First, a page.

Incubation of rat brain homogenates with thiamine or thiamine diphosphate (TDP) leads to a synthesis of thiamine triphosphate (TTP). In membrane vesicles subsequently prepared from the homogenates ... [more ▼]

Incubation of rat brain homogenates with thiamine or thiamine diphosphate (TDP) leads to a synthesis of thiamine triphosphate (TTP). In membrane vesicles subsequently prepared from the homogenates, increased TTP content correlates with increased 36Cl- uptake. A hyperbolic relationship was obtained with a K0.5 of 0.27 nmol TTP/mg protein. In crude mitochondrial fractions from the brains of animals previously treated with thiamine or sulbutiamine, a positive correlation between 36Cl- uptake and TTP content was found. These results, together with other results previously obtained with the patch-clamp technique, suggest that TTP is an activator of chloride channels having a large unit conductance. [less ▲]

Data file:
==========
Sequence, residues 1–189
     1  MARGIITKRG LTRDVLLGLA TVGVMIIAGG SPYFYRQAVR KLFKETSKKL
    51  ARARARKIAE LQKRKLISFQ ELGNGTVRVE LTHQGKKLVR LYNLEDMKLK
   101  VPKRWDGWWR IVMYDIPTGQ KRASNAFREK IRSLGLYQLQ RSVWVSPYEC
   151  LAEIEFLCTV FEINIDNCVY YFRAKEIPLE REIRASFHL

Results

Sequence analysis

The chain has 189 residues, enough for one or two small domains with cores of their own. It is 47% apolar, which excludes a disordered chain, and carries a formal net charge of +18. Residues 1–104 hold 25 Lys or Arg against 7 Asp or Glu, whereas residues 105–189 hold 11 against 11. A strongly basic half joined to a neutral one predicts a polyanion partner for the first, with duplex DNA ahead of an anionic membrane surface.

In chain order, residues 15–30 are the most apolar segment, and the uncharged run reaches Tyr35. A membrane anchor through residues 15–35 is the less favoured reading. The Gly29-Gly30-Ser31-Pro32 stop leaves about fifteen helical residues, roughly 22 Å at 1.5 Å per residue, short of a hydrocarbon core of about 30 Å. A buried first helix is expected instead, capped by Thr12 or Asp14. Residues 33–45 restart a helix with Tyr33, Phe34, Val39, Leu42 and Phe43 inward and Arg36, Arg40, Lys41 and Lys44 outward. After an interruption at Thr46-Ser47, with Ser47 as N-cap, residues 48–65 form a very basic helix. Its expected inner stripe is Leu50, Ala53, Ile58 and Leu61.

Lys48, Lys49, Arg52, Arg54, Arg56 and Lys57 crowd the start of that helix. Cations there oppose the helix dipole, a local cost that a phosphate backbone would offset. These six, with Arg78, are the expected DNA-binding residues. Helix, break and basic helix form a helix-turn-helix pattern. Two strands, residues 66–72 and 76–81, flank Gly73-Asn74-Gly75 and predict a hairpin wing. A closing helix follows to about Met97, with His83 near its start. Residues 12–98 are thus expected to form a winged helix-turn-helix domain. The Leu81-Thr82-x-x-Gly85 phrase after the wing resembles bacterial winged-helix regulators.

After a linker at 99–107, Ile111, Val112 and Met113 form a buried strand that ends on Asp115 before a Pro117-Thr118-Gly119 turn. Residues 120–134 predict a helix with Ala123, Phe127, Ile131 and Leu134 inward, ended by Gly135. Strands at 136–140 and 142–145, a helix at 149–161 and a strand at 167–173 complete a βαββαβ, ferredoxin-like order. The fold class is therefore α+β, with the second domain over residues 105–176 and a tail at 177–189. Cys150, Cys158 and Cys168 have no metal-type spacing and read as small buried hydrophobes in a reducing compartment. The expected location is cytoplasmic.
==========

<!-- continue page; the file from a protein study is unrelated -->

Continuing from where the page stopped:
Detailed reference viewed: 15 (3 ULg)
Full Text
Peer Reviewed
See detailSubcellular Localization and Compartmentation of Thiamine Derivatives in Rat Brain
Bettendorff, Lucien ULg; Wins, Pierre; Lesourd, Monique

in Biochimica et Biophysica Acta (1994), 1222(1), 1-6

The subcellular distribution of thiamine derivatives in rat brain was studied. Thiamine diphosphate content was highest in the mitochondrial and synaptosomal fractions, and lowest in microsomal, myelin ... [more ▼]